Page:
MONSTERS

on

2010

DIRECTOR: Gareth Edwards

NOT A PART OF OUR COLLECTION

May Contain Spoilers!

Will we be adding this to our collection? YES

Made on a shoe-string, this $500,000 gorilla styled production has raised the bar of British indie cinema to a whole new level. A couple of weeks ago I sat down and watched G.I. Joe: The Rise Of Cobra, a 2009 blockbuster and the effects in this, supposedly made on director Gareth Edwards’ laptop, which is erroneous by the way, were superior in every major respect and ye G.I. Joe’ budget was at least 20 times more!

But this film has been made famous by the effects issue and a fair point it is, but there’s much more here than just that. This is a film made by a small crew for a micro budget which is about something though in the traditions of the genre, its narrative is simple and emotional and character issues are at the forefront. But it’s not just that, it’s the mark of a good film-maker to make the best out of what they have and tell the story in a seemingly uncompromised way, and Edwards achieves this here, brilliantly.

The simple story, a road movie with a young couple, one a photographer and the other, his bosses daughter, making their way across Mexico, half of which is now a quarantine zone for the extra-terrestrial life which crashed to earth six years earlier onboard a NASA probe, is presented with an engrossing sense of their troubled environment. Touching on issues of the morality of war photography and the means necessarily to survive a journey through hostile territories, Monsters is a solid independent film, which could very easily be mistaken for a big budget hollywood movie.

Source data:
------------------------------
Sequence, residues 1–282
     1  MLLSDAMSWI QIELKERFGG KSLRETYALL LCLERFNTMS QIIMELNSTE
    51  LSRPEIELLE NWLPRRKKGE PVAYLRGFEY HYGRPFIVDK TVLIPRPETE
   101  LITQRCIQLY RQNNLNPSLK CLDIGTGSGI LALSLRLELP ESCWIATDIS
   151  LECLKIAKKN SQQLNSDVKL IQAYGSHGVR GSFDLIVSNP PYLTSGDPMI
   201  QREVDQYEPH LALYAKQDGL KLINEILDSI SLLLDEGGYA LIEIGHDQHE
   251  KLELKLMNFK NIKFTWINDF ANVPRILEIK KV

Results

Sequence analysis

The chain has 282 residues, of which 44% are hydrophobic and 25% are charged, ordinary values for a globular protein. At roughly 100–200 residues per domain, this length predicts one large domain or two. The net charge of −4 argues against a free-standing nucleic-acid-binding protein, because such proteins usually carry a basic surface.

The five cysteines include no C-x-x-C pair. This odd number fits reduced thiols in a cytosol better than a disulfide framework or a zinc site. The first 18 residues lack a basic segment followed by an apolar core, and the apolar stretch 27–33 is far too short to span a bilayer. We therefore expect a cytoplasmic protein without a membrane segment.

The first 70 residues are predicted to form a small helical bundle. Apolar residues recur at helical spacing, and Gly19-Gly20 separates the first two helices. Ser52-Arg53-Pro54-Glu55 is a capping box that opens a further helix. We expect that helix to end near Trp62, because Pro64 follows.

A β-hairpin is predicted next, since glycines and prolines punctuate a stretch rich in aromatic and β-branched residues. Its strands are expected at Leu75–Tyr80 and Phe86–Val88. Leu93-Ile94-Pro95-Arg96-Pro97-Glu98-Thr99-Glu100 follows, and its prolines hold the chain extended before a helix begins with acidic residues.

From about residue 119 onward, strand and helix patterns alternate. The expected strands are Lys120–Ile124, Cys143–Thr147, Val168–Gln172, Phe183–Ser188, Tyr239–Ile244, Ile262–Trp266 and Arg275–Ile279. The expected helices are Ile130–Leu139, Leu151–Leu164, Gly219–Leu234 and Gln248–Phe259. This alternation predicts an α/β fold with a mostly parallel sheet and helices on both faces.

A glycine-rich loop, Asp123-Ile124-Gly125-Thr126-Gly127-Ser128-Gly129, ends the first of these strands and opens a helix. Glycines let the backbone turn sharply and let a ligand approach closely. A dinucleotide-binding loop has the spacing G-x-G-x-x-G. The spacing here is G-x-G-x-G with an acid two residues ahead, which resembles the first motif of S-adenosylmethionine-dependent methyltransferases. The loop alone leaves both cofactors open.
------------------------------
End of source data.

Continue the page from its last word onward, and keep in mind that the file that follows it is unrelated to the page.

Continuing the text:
Forget about the unbridled success of films such as Paranormal Activity, this is the sort of film that young film makers should be making for no money. Real innovative cinema and this gem will hopefully stand the test of time and find a real and solid audience to put this the big leagues of Science fiction cinema, along side films such as 2001: A Space Odyssey and maybe other genre definers like George Romero’s, Night Of The Living Dead, though no literal comparison is meant there.

I hope to see and hear a lot more from Gareth Edwards in the future as he joins and ever-growing list of rising young British directorial talent in recent years…

For more reviews visit my film blog, nEoFILM

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